Any way you look at it, Mike Wallace’s first season with the Vikings was a disappointment. He was acquired last offseason to be a deep threat for Teddy Bridgewater and, presumably, resemble a number one receiver. Neither really came to fruition; Wallace posted career lows in receiving yards, yards per catch, and touchdowns, and his longest reception was 34 yards. While he did find a workmanlike niche in the offense, there wasn’t a single game in which Wallace made a major splash. In all, it wasn’t the game-changing presence the Vikings had hoped for.
Wallace is signed through 2017, and owed $11.5 million each of the next two years. That would make him the fourth-highest paid receiver in the league for 2017—not exactly a slot that matches his production. For that reason, many Vikings fans are in favor of cutting bait and using the money elsewhere. However, there are plenty of reasons it makes sense to bring the speedy receiver back for 2016. Here are a few:
He’s not getting the full salary.
It’s highly unlikely the Vikings don’t ask Mike Wallace to restructure his contract and take pay cut. After the season, Mike Zimmer basically said as much when he was asked if he wanted Wallace back.
“Those are all things we have to determine here in the next week moving forward,” Zimmer told the Star Tribune in January. “If it can get worked out, I’d like to have him back.”
Unless the Vikings were asking Wallace to reduce his pay, there would be nothing to “get worked out,” because he’s already under contract. So they’ll ask him to restructure (or already have), and it’s my bet he will. Wallace, according to Zimmer, is happy with the way the team is progressing and happy with Teddy Bridgewater as his quarterback. Chances are he won’t get anything near $11.5 million on the open market, so it makes sense he would take a pay cut to stay with the Vikings rather than start over somewhere else for the same money (or less).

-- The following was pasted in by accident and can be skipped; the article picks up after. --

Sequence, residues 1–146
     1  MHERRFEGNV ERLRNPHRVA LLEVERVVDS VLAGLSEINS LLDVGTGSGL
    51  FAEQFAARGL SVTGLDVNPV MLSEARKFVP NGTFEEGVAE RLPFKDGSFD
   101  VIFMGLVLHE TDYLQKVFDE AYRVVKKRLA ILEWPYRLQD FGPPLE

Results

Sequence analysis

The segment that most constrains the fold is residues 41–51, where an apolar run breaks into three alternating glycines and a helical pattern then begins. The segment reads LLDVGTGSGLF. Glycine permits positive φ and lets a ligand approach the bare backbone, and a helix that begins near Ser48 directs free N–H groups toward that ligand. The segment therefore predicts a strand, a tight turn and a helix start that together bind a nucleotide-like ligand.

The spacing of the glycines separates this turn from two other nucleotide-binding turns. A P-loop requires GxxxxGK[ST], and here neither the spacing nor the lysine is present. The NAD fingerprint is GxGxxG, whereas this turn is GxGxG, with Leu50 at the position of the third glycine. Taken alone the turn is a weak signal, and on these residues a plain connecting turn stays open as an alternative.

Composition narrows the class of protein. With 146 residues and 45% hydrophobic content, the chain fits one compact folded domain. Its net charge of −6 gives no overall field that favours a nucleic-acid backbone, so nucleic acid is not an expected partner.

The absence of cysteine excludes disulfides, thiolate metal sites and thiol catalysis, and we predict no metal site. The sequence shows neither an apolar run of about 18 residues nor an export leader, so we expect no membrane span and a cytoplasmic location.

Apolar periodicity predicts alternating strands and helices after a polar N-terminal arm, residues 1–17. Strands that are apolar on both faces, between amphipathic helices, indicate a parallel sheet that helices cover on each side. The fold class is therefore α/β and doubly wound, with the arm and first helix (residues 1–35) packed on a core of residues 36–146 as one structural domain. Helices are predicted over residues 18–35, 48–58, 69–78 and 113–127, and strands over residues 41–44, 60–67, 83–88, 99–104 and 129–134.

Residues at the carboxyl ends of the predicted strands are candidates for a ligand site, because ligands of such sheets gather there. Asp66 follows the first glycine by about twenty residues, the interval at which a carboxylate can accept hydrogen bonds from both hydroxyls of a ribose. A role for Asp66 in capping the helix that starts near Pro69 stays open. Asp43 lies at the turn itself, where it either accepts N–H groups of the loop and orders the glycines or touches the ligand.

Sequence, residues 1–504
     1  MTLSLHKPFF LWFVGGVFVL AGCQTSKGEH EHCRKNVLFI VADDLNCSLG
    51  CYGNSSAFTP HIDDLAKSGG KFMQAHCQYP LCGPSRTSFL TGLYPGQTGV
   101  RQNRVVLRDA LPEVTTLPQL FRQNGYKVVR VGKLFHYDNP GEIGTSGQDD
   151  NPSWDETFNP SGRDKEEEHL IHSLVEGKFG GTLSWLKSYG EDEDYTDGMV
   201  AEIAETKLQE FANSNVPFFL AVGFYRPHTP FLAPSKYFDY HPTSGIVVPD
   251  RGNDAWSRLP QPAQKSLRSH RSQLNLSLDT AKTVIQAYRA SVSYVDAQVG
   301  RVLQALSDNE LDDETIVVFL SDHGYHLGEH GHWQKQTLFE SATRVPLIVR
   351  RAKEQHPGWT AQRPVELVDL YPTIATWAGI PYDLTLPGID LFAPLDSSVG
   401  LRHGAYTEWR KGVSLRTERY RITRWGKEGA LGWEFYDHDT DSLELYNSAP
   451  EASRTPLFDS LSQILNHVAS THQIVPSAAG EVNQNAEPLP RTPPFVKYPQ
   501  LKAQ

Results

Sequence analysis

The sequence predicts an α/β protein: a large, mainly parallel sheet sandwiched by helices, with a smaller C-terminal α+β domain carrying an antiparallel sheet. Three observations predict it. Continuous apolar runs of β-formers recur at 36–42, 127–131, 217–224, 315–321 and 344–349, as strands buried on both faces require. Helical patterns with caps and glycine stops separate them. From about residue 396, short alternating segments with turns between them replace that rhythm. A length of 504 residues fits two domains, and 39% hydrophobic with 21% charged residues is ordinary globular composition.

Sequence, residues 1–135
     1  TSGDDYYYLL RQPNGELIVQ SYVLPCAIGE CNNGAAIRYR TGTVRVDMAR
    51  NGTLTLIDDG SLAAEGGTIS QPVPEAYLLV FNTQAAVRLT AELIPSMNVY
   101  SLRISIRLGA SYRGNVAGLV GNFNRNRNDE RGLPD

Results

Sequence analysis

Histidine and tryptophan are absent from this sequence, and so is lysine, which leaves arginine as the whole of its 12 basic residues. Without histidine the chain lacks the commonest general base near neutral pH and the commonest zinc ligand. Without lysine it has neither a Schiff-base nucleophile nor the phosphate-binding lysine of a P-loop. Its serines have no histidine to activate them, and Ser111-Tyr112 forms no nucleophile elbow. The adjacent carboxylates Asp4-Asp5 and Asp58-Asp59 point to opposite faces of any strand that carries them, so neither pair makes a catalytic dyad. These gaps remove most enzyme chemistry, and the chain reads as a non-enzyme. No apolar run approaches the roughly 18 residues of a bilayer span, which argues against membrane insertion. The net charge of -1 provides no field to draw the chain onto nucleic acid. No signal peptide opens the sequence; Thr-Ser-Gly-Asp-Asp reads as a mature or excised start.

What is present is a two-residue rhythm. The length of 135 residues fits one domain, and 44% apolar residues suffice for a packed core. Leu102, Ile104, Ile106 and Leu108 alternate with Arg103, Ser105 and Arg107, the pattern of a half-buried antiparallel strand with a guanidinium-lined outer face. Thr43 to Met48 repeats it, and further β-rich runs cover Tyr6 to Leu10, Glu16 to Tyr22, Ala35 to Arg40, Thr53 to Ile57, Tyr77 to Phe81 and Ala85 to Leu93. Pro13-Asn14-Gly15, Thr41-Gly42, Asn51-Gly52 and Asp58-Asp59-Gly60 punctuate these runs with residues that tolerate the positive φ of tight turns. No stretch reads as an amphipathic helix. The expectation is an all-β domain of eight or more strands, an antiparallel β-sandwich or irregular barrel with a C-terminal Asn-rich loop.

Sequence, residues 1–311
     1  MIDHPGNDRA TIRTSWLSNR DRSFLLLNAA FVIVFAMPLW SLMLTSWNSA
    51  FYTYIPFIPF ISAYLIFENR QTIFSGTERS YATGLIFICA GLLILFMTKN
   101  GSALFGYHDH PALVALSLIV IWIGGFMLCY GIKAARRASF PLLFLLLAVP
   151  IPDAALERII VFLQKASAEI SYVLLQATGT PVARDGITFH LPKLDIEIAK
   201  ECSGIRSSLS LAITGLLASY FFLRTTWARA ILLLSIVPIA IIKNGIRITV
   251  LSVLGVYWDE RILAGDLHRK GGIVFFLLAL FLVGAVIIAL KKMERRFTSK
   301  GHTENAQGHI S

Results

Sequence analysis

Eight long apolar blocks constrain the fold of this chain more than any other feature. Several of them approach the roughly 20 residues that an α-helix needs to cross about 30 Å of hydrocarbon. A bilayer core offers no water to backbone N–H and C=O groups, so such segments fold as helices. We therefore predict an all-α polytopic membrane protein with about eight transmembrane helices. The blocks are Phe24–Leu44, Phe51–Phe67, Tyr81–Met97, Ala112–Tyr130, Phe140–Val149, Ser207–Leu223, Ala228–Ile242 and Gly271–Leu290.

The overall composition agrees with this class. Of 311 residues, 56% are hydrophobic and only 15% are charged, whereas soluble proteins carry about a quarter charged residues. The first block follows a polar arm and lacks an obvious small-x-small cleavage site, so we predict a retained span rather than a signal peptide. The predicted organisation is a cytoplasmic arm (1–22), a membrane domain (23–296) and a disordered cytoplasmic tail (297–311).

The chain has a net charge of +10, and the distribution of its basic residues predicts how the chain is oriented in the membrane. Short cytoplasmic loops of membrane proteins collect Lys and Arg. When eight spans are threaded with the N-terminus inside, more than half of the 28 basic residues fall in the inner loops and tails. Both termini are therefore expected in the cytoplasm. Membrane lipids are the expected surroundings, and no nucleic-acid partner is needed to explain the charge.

As an aside, even if Wallace played 2016 at his current salary, I don’t think it would be a bad thing for the Vikings. Fans need to remember they aren’t paying Mike Wallace. The Wilfs are paying him, and it’s understandable that the Wilfs wouldn’t want to dramatically overpay players. But, in purely economical terms, cap space is only valuable if it’s being used on a player. The fact that the Vikings are paying Mike Wallace $11.5 million is moot unless that money could be better used elsewhere. And, given the team is roughly $20 million under the 2016 salary cap (and Wallace is only signed for two more seasons), his salary, however excessive, doesn’t figure to hinder the Vikings too much from a cap flexibility standpoint. Assuming Alshon Jeffery re-signs with the Bears, there’s no free agent receiver who would be an upgrade over Mike Wallace.
The production wasn’t actually that bad.
For the money (and the expectations), yes. But Wallace was still third on the team in receptions and receiving yards, behind Stefon Diggs and Kyle Rudolph. Coaches lauded his run blocking, and he acted as a steady, move-the-chains target for Bridgewater on passing downs. Not dynamic, and not production requisite of the salary, but not a Patterson-esque dropoff, either.
Truthfully, Mike Wallace’s decline in production was largely due to factors outside of his control. The shaky offensive line play made it difficult for long plays to develop, and dramatically reduced the opportunities for deep strikes. And there were numerous times when Wallace was open deep, and Bridgewater either overthrew him or didn’t see him. With both of these factors expected to improve in 2016, it makes sense to give Wallace another chance to prove he can be the deep threat the Vikings need.
Veteran leadership (yes, really).